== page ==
How can you practice resurrection in your local community and civic engagement?

in your local church?

at your workplace?

In your homes?

In your neighborhood?

How can you practice resurrection with your vote?

How can you practice resurrection with your voice?

How can you practice resurrection by lifting others as you rise?

How can you practice resurrection by using your power and influence for glory of God and for the good of others?

“Arise, shine, for your light has come, and the glory of the Lord has risen upon you.” Isaiah 60:1

Invite Jesus to be your companion and guide in the days ahead, as you seek to practice resurrection again and again and again and again. Because his mercies are new again and again and again.

Ask Jesus to help you stay self-aware of your own harmful attitudes, beliefs and assumptions about those whoa re different than yourself that you need to unlearn. Ask him to rid you of any guilt or shame that you might be tempted to feel in your own arrogance and narcissism, and Jesus to free you from those things too. To help you be humble, to be meek, to be gentle and honest.

Ask Jesus for the courage to want peace, to seek peace and to make peace.

Ask him to use you in the undoing of injustice done to his beloved children.

Now look at the candles you’ve lit.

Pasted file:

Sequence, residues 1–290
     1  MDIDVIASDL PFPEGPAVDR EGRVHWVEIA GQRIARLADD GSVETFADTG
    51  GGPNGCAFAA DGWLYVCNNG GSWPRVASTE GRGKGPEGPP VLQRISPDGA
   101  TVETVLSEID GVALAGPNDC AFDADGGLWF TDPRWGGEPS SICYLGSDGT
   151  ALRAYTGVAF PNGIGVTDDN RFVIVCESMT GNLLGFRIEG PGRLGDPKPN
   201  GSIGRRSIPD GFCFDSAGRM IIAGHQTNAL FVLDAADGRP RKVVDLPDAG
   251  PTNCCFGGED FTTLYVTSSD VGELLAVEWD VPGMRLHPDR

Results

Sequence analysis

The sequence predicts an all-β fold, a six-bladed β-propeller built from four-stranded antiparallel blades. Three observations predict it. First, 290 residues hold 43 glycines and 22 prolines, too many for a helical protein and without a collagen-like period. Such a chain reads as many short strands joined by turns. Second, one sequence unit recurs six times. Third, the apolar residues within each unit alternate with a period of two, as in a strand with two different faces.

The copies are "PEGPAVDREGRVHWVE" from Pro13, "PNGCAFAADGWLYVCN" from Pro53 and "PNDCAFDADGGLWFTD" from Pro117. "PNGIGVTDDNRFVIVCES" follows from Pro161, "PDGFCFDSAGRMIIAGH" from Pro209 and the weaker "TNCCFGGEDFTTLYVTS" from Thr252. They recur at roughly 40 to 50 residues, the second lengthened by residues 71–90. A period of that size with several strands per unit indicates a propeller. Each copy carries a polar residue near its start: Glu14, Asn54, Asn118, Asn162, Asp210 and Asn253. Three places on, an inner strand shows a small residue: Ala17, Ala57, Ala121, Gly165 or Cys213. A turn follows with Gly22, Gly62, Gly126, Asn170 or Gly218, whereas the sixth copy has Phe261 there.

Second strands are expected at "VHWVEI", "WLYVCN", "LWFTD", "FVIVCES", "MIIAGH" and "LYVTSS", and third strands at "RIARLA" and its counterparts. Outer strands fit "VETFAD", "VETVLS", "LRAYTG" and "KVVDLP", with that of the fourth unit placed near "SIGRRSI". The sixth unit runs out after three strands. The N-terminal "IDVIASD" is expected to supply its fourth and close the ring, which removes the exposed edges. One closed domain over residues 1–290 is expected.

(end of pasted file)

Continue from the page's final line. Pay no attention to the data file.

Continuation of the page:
Think again of the faces and the names that God has brought to your mind.

Respond to a resurrected Christ, who is resurrecting us, who makes all things new.

Psalm 126

When the Lord brought back the captives to Zion,
we were like those who dreamed. those restored to health
Our mouths were filled with laughter,
our tongues with songs of joy.
Then it was said among the nations,
“The Lord has done great things for them.”
The Lord has done great things for us,
and we are filled with joy.
Bring back our captives Lord,
like streams in the Negev.
Those who sow with tears
Those who go out weeping,
carrying seed to sow,
will return with songs of joy,
carrying sheaves with them.

Oh God, have mercy on us,
For we are sinners.

Help us to not be hoarders of the good life
To remember that there is enough of your mercy and hope and love and joy.

May we not be hoarders of that hope or minimizers of that hope
May we not be hoarders of that joy or minimizers of that joy 

Give us the desire and the will to live out the hope of your resurrection life, to live out the hope of peace on earth, to the best of our ability on this side of Kingdom Come,